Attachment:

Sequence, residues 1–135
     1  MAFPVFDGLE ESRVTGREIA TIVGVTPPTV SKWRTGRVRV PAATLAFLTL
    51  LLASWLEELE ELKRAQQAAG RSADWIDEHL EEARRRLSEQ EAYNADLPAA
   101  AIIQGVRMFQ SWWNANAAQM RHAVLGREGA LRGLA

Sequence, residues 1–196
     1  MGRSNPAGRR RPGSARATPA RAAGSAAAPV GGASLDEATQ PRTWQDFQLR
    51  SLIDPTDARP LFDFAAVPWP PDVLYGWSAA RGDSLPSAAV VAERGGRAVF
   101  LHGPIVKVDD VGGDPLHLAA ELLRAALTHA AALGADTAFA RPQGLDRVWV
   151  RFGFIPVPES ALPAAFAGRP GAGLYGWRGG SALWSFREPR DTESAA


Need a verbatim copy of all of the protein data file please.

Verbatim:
Sequence, residues 1–135
     1  MAFPVFDGLE ESRVTGREIA TIVGVTPPTV SKWRTGRVRV PAATLAFLTL
    51  LLASWLEELE ELKRAQQAAG RSADWIDEHL EEARRRLSEQ EAYNADLPAA
   101  AIIQGVRMFQ SWWNANAAQM RHAVLGREGA LRGLA

Sequence, residues 1–196
     1  MGRSNPAGRR RPGSARATPA RAAGSAAAPV GGASLDEATQ PRTWQDFQLR
    51  SLIDPTDARP LFDFAAVPWP PDVLYGWSAA RGDSLPSAAV VAERGGRAVF
   101  LHGPIVKVDD VGGDPLHLAA ELLRAALTHA AALGADTAFA RPQGLDRVWV
   151  RFGFIPVPES ALPAAFAGRP GAGLYGWRGG SALWSFREPR DTESAA